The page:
[0038] In one embodiment, the encoder 114, transmitter 118, receiver 134, and decoder 138 are hard-wired electronic devices or ASIC (application specific integrated circuit) devices. In another embodiment, the encoder 114, transmitter 118, receiver 134 and decoder 138 are computer programs running on computer systems. A computer system may include an input device, a processor, a memory, and an output device. Optionally the computer system may include a display monitor for displaying the image 110. The computer system can be a IBM-compatible PC computer, other type of personal computer, UNIX or other workstation, minicomputer or mainframe computer. If the encoder 114 is a computer program, it may be implemented as a stand-alone software application, as a software object, or as part of a larger image storage and viewing software application. The encoder 114, transmitter 118, receiver 134, and decoder 138 are not required to be the same type of device or program. For example, in one embodiment, the encoder 114 is an ASIC device, the transmitter 118 is a computer system, the decoder 138 is another ASIC device, and the receiver 134 is a computer system. The encoder 114 and transmitter 118 are not required to be separate devices or computer programs. In one embodiment, for example, the encoder 114 and transmitter 118 can be based on one computer system, including coding and transmission programs running on the computer system, which also includes a storage device which stores the digital image 110. Such a storage device can be a diskette, a hard disk, a CD-ROM disk, data storage tape, other type of tape or diskette, or other storage device suitable for and commonly used for storing digital data. In another embodiment, the encoder 114, transmitter 118, and storage device are located on physically distinct devices that may be connected by a direct electronic lines, a LAN (local area network) or a WAN (wide area network).

[0039] Likewise, the receiver 134 and decoder 138 are not required to be separate devices or computer programs. In one embodiment, for example, the receiver 134 and decoder 138 can be based on one computer system, which also includes a display unit 142. The display unit 142 may be any suitable display device for digital images including a computer display monitor, a television, a LCD or active matrix display or any other electronic display device suitable for displaying digital images in a viewable format or for converting digital images to a viewable format for display. In another embodiment, the receiver 134, decoder 138, and display unit 142 are based on physically distinct devices and are connected by direct physical lines, a LAN, or WAN.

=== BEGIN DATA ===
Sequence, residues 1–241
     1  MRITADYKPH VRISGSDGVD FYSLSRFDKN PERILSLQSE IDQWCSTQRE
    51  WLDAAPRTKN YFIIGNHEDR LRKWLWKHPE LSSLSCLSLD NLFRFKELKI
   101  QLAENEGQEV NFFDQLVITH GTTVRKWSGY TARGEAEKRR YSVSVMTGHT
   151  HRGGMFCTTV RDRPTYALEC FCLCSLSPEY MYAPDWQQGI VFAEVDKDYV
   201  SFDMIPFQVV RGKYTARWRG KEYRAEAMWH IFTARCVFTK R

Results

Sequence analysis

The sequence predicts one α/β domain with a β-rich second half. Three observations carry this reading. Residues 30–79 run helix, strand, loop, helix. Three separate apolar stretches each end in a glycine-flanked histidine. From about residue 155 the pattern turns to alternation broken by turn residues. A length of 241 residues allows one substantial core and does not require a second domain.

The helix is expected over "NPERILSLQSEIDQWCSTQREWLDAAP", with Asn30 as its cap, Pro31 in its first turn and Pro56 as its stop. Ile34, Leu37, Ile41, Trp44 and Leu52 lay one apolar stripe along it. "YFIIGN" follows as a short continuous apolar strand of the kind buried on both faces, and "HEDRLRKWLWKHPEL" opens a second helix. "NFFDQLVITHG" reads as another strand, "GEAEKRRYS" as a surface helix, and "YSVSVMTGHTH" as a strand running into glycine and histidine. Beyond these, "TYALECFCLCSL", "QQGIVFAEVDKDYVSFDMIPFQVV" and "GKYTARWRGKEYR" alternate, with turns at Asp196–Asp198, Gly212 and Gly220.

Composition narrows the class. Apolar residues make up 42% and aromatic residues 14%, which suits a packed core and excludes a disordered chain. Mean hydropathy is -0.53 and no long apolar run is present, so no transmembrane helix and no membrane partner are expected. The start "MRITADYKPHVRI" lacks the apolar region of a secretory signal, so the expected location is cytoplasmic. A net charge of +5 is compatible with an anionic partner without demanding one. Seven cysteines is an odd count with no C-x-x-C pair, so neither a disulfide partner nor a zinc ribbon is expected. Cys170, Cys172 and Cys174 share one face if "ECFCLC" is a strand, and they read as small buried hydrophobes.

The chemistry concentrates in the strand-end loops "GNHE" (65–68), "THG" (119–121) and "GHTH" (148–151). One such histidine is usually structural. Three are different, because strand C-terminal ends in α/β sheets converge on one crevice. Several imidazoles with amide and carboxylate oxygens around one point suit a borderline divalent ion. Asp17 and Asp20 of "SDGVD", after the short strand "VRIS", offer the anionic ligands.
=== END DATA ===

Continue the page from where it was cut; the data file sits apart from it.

[0040] In further embodiments, different combinations of programs, devices, and computer systems may be used to implement the components illustrated in FIG. 1.

[0041] Requests for additional data 130 may also be transmitted over the communications media 122. Typically, such a request 130 is a request for an additional portion of the original image 110 to be compressed, transmitted, and decompressed. In a further embodiment, the request 130 is for any other associated data about the image 110 that may be useful in receiving the image data stream 126, decompressing it, and producing the resulting displayed image.

[0042]FIGS. 2A, 2B, 2C, 2D illustrate a digital image 110 in different stages of the compression process. FIG. 2A depicts a digital image 110 illustrating the selected rows 158 a, 162 a in a first compression pass, for one embodiment of the invention. FIG. 2A shows a digital image 110, a marking line 146 that defines a segment 150 in the image 110, a spacing factor 154, a selected starting row 162 a, and additional selected rows 158 a in the image 110. The marking line 146 is a line in the FIG. 2A used to define a segment 150 and does not indicate a row or line of data inserted in the image 110. The segment 150 indicates a segment of four rows equal in number to the spacing factor 154, which has a value of 4 in FIGS. 2A, 2B 2C, 2D. In the embodiment shown in FIG. 2A the segment 150 is the initial four rows or lines (that is, L0, L1, L2, L3) of the image 110 determined by the value of the spacing factor 154. In an alternate embodiment the segment 150 is not required to be the first rows in the image 110, but can be located elsewhere in the image 110, as long as the segment 150 consists of consecutive rows equal in number to the spacing factor 154.